Uploading Files using AJAX

Normally, if you want to to upload files through a website you would use a <form> element with enctype=”multipart/form-data” that posts the file from a nested file-<input> element to the specified action (in ASP.NET MVC you would receive that file on the server side by means of a HttpPostedFileBase variable as argument of your action method).

But if you don’t have or don’t want to use a <form> for some reason you have to find other ways to upload a file.

The obvious way would be to assemble and submit a invisible form with Javascript when the user triggers the upload event. To make this work properly you would also have to create an <iframe> as “target” for the <form> that receives the response. The advantage of this method is that it works with all browsers.

Another approach would be to use AJAX, that is using an XMLHttpRequest object. This is also very simple and done in a few lines of Javascript code:

var xhr = new XMLHttpRequest();
xhr.open("POST", url, true); // method, url, async
xhr.setRequestHeader("Cache-Control", "no-cache");
xhr.setRequestHeader("X-File-Name", file.fileName);
xhr.setRequestHeader("X-File-Size", file.fileSize);
xhr.setRequestHeader("Content-Type", "multipart/form-data");
xhr.send(file);

In the above code the “url” would be the “Controller/Action” to which the Request is posted to and the “file” can be extracted from any file-<input> element.

The “X-File-Name” and “X-File-Size” are just self-chosen optional parameters that will be appended to the RequestHeader. That way you can send additional data with the Request.

Again, the “Content-Type” has the be “multipart/form-data” as we’re sending a file/binary data.

The “Cache-Control” is set to “no-cache”, to bypass server cache, so it cannot respond with a “304 Not Modified” response header and skip sending the data.

Finally, we have to subscribe to the “onreadystatechange” event in order to receive the Response from the server:

...
xhr.onreadystatechange = function() {
    if (xhr.readyState == 4) {      // completed
        if (xhr.status == 200) {    // OK
            var response = xhr.responseText;
            // do something
        }
    }
}
...

This solution should work quite well. But if you are using jQuery I would recommend you to use its .ajax() function instead. jQuery does several optimizations for different browsers and also takes over error handling.

$.ajax({
    beforeSend: function (xhr) {
        xhr.setRequestHeader("Cache-Control", "no-cache");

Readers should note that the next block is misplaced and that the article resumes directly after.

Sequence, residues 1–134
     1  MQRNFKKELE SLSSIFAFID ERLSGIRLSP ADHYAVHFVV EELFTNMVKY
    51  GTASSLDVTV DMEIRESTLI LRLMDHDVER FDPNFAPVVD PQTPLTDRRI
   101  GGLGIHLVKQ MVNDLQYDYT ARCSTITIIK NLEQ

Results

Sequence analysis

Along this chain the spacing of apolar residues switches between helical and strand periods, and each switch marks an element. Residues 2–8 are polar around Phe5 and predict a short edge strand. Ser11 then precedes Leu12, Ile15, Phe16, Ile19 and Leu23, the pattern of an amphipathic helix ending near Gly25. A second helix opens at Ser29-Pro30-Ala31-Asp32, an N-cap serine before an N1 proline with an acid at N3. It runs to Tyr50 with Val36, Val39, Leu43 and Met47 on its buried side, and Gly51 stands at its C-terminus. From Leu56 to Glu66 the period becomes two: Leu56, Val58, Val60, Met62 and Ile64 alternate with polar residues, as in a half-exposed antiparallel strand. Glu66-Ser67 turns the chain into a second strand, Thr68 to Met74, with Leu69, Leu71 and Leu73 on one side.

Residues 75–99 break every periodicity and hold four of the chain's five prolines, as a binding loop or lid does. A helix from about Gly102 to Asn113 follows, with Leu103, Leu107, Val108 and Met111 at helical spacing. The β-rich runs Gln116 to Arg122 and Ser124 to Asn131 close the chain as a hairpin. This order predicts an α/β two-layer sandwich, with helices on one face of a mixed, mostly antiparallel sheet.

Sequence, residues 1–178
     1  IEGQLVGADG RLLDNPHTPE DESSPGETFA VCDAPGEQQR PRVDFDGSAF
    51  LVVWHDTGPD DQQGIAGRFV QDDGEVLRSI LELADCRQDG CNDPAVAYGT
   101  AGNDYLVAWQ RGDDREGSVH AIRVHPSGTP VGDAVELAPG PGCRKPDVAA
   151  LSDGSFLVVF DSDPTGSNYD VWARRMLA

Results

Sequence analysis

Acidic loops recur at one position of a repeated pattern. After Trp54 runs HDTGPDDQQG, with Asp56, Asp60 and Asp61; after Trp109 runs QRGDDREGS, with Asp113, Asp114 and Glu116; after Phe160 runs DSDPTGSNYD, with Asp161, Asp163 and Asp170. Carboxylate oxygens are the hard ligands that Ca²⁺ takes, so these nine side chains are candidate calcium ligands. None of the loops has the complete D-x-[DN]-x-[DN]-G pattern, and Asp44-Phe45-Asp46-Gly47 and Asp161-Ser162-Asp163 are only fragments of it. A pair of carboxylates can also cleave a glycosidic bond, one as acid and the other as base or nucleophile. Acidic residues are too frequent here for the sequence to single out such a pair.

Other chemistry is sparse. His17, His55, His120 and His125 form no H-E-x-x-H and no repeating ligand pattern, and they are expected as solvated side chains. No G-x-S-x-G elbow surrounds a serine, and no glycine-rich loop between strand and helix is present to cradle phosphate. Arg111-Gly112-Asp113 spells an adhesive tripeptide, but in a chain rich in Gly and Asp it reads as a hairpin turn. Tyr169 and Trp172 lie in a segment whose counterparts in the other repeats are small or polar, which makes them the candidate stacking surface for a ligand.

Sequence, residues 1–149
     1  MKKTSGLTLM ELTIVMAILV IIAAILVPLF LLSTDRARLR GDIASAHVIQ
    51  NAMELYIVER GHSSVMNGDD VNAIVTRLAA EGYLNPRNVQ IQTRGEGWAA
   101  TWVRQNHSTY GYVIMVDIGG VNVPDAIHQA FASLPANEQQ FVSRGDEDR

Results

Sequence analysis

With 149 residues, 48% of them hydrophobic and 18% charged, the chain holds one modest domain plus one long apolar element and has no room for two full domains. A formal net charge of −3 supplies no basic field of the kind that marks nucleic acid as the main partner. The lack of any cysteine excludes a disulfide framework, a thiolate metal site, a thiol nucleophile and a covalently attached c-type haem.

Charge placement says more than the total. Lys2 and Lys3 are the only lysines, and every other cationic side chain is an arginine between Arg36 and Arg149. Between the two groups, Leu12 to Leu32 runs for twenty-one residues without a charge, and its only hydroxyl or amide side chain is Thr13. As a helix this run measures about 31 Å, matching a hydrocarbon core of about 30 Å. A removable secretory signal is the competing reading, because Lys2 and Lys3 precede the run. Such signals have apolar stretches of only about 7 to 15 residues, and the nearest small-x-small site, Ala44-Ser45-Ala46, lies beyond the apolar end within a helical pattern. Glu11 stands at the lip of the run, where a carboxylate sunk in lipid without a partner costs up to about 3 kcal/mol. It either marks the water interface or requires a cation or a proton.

xhr.setRequestHeader("X-File-Name", file.fileName);
        xhr.setRequestHeader("X-File-Size", file.fileSize);
        xhr.setRequestHeader("Content-Type", "multipart/form-data");
    },
    type: 'POST',
    url: url,
    processData: false,
    data: file,
    success: function (data, textStatus, xhr) {
        // do something
    },
    error: function (xhr, textStatus, errorThrown) {
        // do something
    }
});

We’re modifying the XMLHttpRequest to be sent in the “beforeSend” callback and set all needed options.
It’s important to set “processData” to “false”. This will prevent jQuery to transform the data to the default content type “application/x-www-form-urlencoded”.

Server Side:

A server side action method could then look like this:

[HttpPost]
public ActionResult UploadFile()
{
    bool success = false;
    string message = String.Empty;

    // Read custom attributes
    string fileName = Request["HTTP_X_FILE_NAME"];  // notice the "HTTP_" prefix
    string fileSize = Request["HTTP_X_FILE_SIZE"];

    try
    {
        // Read input stream from request
        byte[] buffer = new byte[Request.InputStream.Length];
        int offset = 0;
        int cnt = 0;
        while ((cnt = Request.InputStream.Read(buffer, offset, 10)) > 0)
        {
            offset += cnt;
        }
        // Save file
        using (FileStream fs = new FileStream(@"C:\Path\To\Save\File\" + fileName, FileMode.Create))
        {
            fs.Write(buffer, 0, buffer.Length);
            fs.Flush();
        }
        // Or in one line
        // System.IO.File.WriteAllBytes(@"Path\To\Save\File\" + fileName, buffer);

        success = true;
        message = "Success...";
    }
    catch (Exception)
    {
        success = false;
        message = "Error...";
    }

    // Create JSON Response
    var jsonData = new
    {
        success = success,
        message = message
    };

    return Json(jsonData);
}

Making global resources public

Regarding the previous post you may want to use strings from a global resources .resx file (App_GlobalResources) as error messages or descriptions in your attributes. This won’t work because global resource files are by default marked as internal and so you can’t access them from your controller or your model. Also the little “Access Modifier” dropdown menu in the resource editor is grayed out, so you can’t change the access level without further ado.

However there’s a way to change the access rights without editing the designer file by hand.

You just have to open the file properties of the resource file and change the “Custom Tool” from “GlobalResourceProxyGenerator” to “PublicResXFileCodeGenerator”, which is the default Tool for local resource files. Next you have to change the “Build Action” to “Embedded Resource”. You may also want to assign a proper Custom Tool Namespace like “Resources” in order to access the file properly, but this isn’t necessary.